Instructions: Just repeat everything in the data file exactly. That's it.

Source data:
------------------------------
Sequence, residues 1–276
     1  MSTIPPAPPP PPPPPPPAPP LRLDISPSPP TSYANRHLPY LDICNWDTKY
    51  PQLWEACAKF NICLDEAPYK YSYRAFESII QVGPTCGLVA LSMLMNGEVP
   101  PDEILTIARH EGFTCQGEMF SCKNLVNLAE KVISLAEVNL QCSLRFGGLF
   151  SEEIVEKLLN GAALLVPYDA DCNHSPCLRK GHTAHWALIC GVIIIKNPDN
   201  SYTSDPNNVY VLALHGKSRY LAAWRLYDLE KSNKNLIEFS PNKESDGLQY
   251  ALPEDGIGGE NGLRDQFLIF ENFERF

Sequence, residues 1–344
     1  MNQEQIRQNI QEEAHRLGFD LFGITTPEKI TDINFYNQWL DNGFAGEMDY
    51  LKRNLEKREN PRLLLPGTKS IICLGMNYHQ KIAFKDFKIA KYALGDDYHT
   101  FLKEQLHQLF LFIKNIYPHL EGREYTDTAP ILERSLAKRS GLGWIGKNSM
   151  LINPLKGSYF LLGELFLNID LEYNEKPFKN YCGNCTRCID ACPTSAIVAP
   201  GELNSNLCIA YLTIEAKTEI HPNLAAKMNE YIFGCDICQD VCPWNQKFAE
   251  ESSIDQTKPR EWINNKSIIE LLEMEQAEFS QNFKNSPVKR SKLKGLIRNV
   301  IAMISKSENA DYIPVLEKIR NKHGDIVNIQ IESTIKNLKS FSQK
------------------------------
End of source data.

Sequence, residues 1–276
     1  MSTIPPAPPP PPPPPPPAPP LRLDISPSPP TSYANRHLPY LDICNWDTKY
    51  PQLWEACAKF NICLDEAPYK YSYRAFESII QVGPTCGLVA LSMLMNGEVP
   101  PDEILTIARH EGFTCQGEMF SCKNLVNLAE KVISLAEVNL QCSLRFGGLF
   151  SEEIVEKLLN GAALLVPYDA DCNHSPCLRK GHTAHWALIC GVIIIKNPDN
   201  SYTSDPNNVY VLALHGKSRY LAAWRLYDLE KSNKNLIEFS PNKESDGLQY
   251  ALPEDGIGGE NGLRDQFLIF ENFERF

Sequence, residues 1–344
     1  MNQEQIRQNI QEEAHRLGFD LFGITTPEKI TDINFYNQWL DNGFAGEMDY
    51  LKRNLEKREN PRLLLPGTKS IICLGMNYHQ KIAFKDFKIA KYALGDDYHT
   101  FLKEQLHQLF LFIKNIYPHL EGREYTDTAP ILERSLAKRS GLGWIGKNSM
   151  LINPLKGSYF LLGELFLNID LEYNEKPFKN YCGNCTRCID ACPTSAIVAP
   201  GELNSNLCIA YLTIEAKTEI HPNLAAKMNE YIFGCDICQD VCPWNQKFAE
   251  ESSIDQTKPR EWINNKSIIE LLEMEQAEFS QNFKNSPVKR SKLKGLIRNV
   301  IAMISKSENA DYIPVLEKIR NKHGDIVNIQ IESTIKNLKS FSQK